Larry Atkins

teaches journalism

at Temple University

and Arcadia University

The Minnesota bridge collapse two weeks ago was a banner event for citizen journalism. CNN received hundreds of "I-reports" and dramatic photos from people at the scene.

Videos from eyewitnesses are nothing new. One could assert that Abraham Zapruder's film of the Kennedy assassination was the first I-report. Then there were the Rodney King video, amateur films from Sept. 11, 2001, and vacationer videos from the 2004 South Pacific tsunami.

However, this last year has seen an explosion in citizen journalism. A year ago, CNN launched its I-report program in which it encouraged viewers to share photos and videos of newsworthy events.

More than 450 I-reports were sent in the first 24 hours after the Minneapolis bridge collapsed on Aug. 1, CNN says. In July, more than 6,000 I-reports were submitted. During the Virginia Tech shootings in April, one citizen journalist provided cell-phone video of a police shootout.

CNN isn't the only citizen-journalism sponsor. Active Web sites include NowPublic.com, founded in 2005 and based in Vancouver, Canada, and Associated Content, "the People's Media Company," founded in 2005 by Luke Beatty. The Huffington Post recently started a citizen journalism project, Offthebus.net, which will cover the 2008 presidential election with campaign bloggers, candidate pages and commentary.

Benefits from citizen journalism include dramatic photos and videos that add insight to news events. After all, media outlets and their reporters can't be everywhere.

However, there are drawbacks and dangers that shouldn't be ignored.

For one thing, encouraging I-reports from disaster scenes, crime scenes, or natural-disaster areas could lead people seeking their 15 minutes of fame into dangerous situations. It is inevitable that future I-reporters will chase tornadoes or run toward police shootouts to get a better angle.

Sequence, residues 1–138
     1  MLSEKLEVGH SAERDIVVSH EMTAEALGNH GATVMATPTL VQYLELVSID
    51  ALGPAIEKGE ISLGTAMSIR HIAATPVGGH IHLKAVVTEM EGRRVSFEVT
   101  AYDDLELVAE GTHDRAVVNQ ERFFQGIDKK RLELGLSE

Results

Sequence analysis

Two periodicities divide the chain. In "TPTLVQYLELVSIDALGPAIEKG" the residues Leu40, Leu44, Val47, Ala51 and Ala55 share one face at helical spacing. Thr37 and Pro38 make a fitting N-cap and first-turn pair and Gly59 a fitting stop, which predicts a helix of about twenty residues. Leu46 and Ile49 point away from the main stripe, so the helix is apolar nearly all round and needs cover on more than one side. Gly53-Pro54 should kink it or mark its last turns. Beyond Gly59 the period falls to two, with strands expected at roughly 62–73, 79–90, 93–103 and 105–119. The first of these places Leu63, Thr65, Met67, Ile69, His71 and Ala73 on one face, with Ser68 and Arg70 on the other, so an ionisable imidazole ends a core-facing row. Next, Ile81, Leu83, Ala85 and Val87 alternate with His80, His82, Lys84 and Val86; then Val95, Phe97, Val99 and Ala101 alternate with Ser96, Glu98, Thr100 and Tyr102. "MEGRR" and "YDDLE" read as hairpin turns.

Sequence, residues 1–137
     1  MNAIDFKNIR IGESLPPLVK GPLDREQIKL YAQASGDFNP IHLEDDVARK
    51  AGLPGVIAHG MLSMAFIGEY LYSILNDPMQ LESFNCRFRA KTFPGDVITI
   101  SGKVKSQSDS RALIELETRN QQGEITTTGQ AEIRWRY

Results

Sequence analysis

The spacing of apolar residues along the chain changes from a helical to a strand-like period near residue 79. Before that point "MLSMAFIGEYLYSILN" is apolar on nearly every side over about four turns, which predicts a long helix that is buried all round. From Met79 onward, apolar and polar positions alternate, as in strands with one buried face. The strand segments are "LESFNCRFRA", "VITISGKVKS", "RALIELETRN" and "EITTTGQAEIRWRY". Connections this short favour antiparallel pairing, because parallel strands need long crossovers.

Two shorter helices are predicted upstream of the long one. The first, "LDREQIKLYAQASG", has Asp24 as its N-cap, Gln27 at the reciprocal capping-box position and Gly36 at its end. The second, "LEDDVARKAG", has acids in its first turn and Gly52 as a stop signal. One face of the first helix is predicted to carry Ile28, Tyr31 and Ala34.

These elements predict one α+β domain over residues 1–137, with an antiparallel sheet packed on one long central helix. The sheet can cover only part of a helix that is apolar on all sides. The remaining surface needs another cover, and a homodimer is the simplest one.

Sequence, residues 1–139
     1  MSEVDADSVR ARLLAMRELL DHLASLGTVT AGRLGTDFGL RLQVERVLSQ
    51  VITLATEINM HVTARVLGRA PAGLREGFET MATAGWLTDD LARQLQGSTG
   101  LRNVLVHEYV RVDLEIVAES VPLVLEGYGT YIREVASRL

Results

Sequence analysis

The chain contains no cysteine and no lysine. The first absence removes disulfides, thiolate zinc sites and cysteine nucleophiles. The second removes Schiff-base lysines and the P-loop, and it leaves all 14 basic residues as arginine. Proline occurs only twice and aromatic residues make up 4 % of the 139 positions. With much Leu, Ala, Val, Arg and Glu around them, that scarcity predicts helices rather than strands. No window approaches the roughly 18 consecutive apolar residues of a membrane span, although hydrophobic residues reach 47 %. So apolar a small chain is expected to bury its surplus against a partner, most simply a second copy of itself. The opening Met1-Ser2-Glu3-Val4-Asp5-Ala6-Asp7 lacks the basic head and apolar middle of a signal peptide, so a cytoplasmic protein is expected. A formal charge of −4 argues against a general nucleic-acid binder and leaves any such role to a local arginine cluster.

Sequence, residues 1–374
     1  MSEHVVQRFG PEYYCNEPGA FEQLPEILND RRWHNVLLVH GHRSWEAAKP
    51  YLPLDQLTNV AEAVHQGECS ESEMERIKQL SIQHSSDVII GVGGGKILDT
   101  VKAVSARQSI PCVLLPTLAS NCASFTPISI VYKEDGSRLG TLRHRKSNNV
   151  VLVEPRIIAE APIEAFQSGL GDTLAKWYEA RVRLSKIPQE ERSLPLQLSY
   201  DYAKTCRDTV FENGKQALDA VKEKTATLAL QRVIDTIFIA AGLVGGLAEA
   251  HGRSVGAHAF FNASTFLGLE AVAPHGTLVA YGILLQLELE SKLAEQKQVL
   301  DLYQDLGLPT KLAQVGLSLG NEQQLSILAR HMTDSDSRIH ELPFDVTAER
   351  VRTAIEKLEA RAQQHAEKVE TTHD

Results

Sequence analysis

Other concerns are bias, conflicts of interest, and credibility. Some citizen journalists might submit reports to promote certain agendas.

Of course, there is the potential for scams, fraud, and doctored photos and video. People might stage phony incidents. The fact-checking and source corroboration involved in mainstream media are usually absent from citizen journalism.

News outlets could start to cut staff and resources, and start relying more on citizen journalists, as a Santa Rosa, Calif., television station recently did.

To avoid these pitfalls, news outlets that solicit citizen journalists should set standards and issue warnings to safeguard amateurs.

The Citizen Media Law Project, jointly affiliated with Harvard Law School's Berkman Center for Internet & Society and the Center for Citizen Media, has been established to provide tools for citizen journalists. It plans to develop a legal guide that will cover insurance; privacy; access to meetings, records and property; and how to use freedom-of-information laws. ChiTownDailyNews.org plans to recruit and train 75 citizen journalists, one for each Chicago neighborhood, to work with editors to produce a daily news report.

Mainstream media have their flaws, including incidents of plagiarism and ethical breaches. However, unlike the army of pajamarati bloggers sitting in their bedrooms, reporters are in the field cultivating sources, interviewing policymakers, investigating and fact-checking. For every insightful I-report, there are thousands of valuable articles, videos and photos produced by veteran reporters.

Citizen journalism is a good thing, but it shouldn't be viewed as the future of journalism, a substitute for professional reporting by established media. Citizen journalism should augment media coverage, not replace it.